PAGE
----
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Golf’s ‘Anchor Sites’ Have the U.S. Open on a Lifetime Plan

  • Pinehurst No. 2 is the first of three ‘anchor sites’ to host a U.S. Open.
  • The North Carolina course will host four more championships through 2047.
USGA/Chris Keane
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A new U.S. Open champion still needs to be crowned at Pinehurst. But it won’t be long until golfers are back in North Carolina to vie for another title.

The United States Golf Association’s crown jewel dates back to 1895 and has been staged at more than 50 venues. This year’s event, however, marks the start of a new era focused on “anchor sites.” The label describes a trio of famous courses that will play a major recurring role in hosting the country’s top championship: Pinehurst No. 2, Oakmont Country Club in Pennsylvania, and Pebble Beach Golf Links in Northern California.

These anchor sites are already holding down much of the U.S. Open calendar for the next two and a half decades:

  • Pinehurst: 2024, ’29, ’35, ’41, ’47
  • Oakmont: 2025, ’33, ’42, ’49
  • Pebble Beach: 2027, ’32, ’37, ’44

Beyond these three main venues, the USGA has also named a trio of other courses that will host multiple future U.S. Opens: New York’s Shinnecock Hills Golf Club (2026, ’36), Pennsylvania’s Merion Golf Club (’30, ’40, ’50), and Oakland Hills Country Club in Michigan (’34, ’51). 

During a preview event for the U.S. Open, John Bodenhamer, the USGA’s chief championships officer, acknowledged the perceived absurdity in booking so many future championships. “I get this question a lot: ‘Why in the heck are you going out so far with the U.S. Open? I’m not going to be alive in 2051,’” he said. But Bodenhamer insists there’s tactical thinking behind the choice: The consistency of host venues opens the door to boundless opportunities beyond creating a stronger identity for the championship.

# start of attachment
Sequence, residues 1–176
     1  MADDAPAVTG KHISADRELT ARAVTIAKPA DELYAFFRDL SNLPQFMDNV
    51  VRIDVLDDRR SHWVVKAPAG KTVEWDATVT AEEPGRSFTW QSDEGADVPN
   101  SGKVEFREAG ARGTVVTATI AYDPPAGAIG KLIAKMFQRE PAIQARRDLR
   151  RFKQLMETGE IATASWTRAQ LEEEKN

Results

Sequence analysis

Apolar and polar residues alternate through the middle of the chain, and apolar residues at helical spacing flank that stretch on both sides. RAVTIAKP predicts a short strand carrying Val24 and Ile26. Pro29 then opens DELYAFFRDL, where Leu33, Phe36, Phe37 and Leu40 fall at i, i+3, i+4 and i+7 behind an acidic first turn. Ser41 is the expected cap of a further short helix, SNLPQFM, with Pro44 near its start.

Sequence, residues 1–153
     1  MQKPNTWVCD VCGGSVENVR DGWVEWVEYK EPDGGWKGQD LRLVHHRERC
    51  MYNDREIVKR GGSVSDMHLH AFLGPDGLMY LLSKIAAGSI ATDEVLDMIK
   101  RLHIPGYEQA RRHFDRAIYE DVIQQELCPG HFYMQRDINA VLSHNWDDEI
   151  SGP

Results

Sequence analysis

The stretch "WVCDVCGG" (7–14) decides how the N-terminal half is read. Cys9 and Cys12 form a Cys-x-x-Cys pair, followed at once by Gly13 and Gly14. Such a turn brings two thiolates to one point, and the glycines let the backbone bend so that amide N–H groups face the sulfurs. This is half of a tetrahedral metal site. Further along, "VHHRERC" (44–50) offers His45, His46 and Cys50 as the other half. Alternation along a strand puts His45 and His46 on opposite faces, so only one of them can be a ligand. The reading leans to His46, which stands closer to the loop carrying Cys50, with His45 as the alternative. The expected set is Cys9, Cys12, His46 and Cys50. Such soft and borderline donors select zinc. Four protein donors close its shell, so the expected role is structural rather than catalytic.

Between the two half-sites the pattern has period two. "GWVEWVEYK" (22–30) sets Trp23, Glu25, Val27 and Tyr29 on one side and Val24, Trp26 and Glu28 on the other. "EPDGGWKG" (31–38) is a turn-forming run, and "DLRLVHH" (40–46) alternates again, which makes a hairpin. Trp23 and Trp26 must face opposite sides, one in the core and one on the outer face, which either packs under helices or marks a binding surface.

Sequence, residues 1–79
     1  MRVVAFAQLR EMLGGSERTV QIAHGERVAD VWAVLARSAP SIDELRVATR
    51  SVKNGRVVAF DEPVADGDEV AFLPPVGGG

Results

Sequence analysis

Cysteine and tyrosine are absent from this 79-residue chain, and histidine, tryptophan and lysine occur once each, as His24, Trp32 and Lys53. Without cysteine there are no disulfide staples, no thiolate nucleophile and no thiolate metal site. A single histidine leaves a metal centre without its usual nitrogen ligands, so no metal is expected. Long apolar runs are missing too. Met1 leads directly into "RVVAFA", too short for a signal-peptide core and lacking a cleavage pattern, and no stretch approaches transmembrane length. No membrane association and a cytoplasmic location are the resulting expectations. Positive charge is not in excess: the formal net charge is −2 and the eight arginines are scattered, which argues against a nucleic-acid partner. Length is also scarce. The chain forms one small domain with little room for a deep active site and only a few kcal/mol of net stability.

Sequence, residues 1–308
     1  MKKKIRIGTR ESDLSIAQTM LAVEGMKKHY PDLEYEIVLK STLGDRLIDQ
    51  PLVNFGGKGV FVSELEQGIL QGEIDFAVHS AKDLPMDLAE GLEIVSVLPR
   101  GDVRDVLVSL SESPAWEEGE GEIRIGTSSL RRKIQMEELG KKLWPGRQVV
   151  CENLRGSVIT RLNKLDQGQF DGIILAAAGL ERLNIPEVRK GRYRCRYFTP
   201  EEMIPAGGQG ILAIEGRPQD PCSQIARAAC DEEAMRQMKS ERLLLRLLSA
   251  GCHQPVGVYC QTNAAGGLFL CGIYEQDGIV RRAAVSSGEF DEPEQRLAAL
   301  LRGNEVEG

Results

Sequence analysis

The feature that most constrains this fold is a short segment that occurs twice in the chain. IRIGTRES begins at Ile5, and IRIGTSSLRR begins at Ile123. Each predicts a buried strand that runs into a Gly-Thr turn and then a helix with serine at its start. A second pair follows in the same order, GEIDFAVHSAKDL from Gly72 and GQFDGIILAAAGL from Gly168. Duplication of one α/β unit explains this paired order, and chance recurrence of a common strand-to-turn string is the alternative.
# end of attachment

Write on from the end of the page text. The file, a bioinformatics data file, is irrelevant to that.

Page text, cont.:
For example, there could be far-reaching sustainability effects for the resource-intensive sport. At Pinehurst No. 2, which opened in 1907, a regular spot in the major rotation paves the way for the additions of underground power and water lines, elimination of diesel generators, and new permanent roadways for employees and fans.

“Anchor site planning has allowed us to be very strategic and think long-term about how we can produce the best championships together,” Pinehurst Resort president Tom Pashley said. Beyond the five U.S. Opens it’ll host between 2024 and ’47, several other Pinehurst courses will also host a plethora of other USGA championships—one every three years throughout the next 25—including the U.S. Women’s Open as well as the men’s and women’s U.S. Amateurs.

Pashley believes the “anchor” designation can elevate every element of the game. And the setup provides an opportunity for all anchor courses to soar—even those that are already thriving.

Pinehurst, for instance, is already connected to “the soul of American golf,” Bob Dedman Jr., who serves as the resort’s CEO, tells Front Office Sports. Now, premier golf events like the U.S. Open help the resort’s bottom line well beyond tournament week. 

“The U.S Open goes to a lot of private clubs, and I think a private club has a different perspective than a public resort,” Pashley tells FOS. He points to the first U.S. Open at Pinehurst hosted in 1999. “Most places would use school buses to bring fans to the venue,” Pashley says. “We rented air-conditioned motor coaches, because we viewed every person who came to the championship as a potential future guest.” Pinehurst also hosted U.S. Opens in 2005 and ’14.

Matt Gibson/Pinehurst Resort

Boosted by a high conversion rate of U.S. Open attendees to eventual resort guests, business at Pinehurst is good. So good, in fact, that a new course just opened that will be the centerpiece of a secondary campus, a few miles away from course No. 2 and its main clubhouse. Pinehurst No. 10 (above), which opened in April, is the resort’s first new, 18-hole course in three decades. It’s the first installment at Pinehurst Sandmines, a vast piece of land that spans 900 acres. 

While nothing is confirmed, leaders have master-planned and mapped out another 18-hole course (Pinehurst No. 11, perhaps?) as well as the potential for two additional short courses and up to 40 golf cottages. “This could be a destination within the destination,” Pashley says. “There may be people who would come on a golf trip, stay here, and never venture out to go to the main campus, which has kind of become golf’s national park.” 

Pinehurst is poised to reap the benefits in the coming years as its schedule fills; just like in 2014, the course will host the men’s and women’s U.S. Opens in back-to-back weeks in ’29.

But Dedman assures that even with big plans, the spirit and mystique of these venerated courses will stay firmly intact. “When you think about the core village and the operations there, those aren’t going to change that much,” he says.

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